There is a “safe harbour” test which is satisfied if there has been a “genuine restructure of an ongoing business”, based on 3 years of compliant activity.
In the case of a discretionary trust, that trust will be deemed to satisfy the “ultimate economic ownership” requirement if:
- the trust has made a family trust election; and
- the same individuals who were members of the family group for the purposes of that election before the rollover are members of the family group after the rollover.
The “tax neutrality” of the rollover is achieved by ensuring that the transfer of each asset is deemed to take place at its roll-over cost, plus a provision which states that a transfer made under the provisions “has no direct consequences under the *income tax law”.
The roll-over cost is appropriately defined for each type of asset (e.g. CGT asset, depreciating asset, trading stock) to ensure that there is no CGT or ordinary tax consequence as a result of the transfer.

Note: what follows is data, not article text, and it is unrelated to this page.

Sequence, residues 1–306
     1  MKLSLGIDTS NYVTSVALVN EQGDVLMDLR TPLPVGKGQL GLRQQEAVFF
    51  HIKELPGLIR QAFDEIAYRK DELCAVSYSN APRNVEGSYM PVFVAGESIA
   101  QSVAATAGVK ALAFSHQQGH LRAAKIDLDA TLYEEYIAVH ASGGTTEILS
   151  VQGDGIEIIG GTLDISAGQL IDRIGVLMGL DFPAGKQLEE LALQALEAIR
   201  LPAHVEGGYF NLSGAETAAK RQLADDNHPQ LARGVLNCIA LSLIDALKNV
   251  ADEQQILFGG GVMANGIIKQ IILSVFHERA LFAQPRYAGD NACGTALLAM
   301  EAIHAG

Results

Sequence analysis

However the extent to which Division 7A will be prevented from operating by the provisions is open to doubt. The better view is that, the provisions will not prevent the operation of Division 7A to a loan which arises as a result of a transfer of assets for a loan which arises between a company transferor and a transferee entity as a result of a transfer of assets (e.g. the unpaid consideration for the transfer under a sale contract).
Transferring assets without giving market value consideration can expose directors of a company to personal liability to creditors and serious (including criminal) penalties. Therefore the creation of debts on transfers out of companies is difficult to avoid. As a result, careful advice may be required on the Division 7A consequences in these cases.
Legal advice and documents will still be an essential requirement for any restructure, but in most cases the costs are likely to be significantly reduced because of the relative simplicity of the new provisions when compared to the other rollover provisions.
However in some cases, that simplicity may result in uncertainty. In those cases, further advice or Private Ruling applications may be necessary.